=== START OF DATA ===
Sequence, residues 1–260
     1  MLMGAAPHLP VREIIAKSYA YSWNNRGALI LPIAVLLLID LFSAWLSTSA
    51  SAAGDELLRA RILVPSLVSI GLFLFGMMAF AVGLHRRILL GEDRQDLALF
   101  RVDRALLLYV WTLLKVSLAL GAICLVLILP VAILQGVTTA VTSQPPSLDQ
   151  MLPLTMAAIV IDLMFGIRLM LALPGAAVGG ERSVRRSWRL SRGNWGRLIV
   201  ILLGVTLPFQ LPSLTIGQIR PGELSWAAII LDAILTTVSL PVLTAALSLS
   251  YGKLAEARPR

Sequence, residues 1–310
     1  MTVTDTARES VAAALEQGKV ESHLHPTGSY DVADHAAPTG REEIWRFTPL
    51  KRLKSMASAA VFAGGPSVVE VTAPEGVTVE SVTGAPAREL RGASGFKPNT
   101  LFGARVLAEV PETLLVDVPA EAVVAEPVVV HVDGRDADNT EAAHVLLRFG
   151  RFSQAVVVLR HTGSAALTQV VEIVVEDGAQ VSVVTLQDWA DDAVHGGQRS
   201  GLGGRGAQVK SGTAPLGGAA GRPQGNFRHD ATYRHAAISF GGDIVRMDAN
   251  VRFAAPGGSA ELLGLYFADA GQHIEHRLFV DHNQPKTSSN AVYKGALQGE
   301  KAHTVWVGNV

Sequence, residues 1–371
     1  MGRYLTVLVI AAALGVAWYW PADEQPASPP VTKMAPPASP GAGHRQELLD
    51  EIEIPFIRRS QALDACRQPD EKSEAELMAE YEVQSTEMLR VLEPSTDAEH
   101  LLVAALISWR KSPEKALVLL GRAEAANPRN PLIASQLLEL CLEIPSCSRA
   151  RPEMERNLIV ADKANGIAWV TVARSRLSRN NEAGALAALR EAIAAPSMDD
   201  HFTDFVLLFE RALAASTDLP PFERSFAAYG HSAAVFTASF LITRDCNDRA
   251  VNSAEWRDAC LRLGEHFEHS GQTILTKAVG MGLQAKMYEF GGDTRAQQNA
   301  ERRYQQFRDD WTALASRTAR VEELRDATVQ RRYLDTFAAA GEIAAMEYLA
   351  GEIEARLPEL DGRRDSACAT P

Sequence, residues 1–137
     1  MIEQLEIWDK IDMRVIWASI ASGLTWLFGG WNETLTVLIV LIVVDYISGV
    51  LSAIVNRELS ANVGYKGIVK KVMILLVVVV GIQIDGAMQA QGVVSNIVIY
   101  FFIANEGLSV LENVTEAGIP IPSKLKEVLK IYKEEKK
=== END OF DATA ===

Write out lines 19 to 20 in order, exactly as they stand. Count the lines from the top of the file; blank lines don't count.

   101  LLVAALISWR KSPEKALVLL GRAEAANPRN PLIASQLLEL CLEIPSCSRA
   151  RPEMERNLIV ADKANGIAWV TVARSRLSRN NEAGALAALR EAIAAPSMDD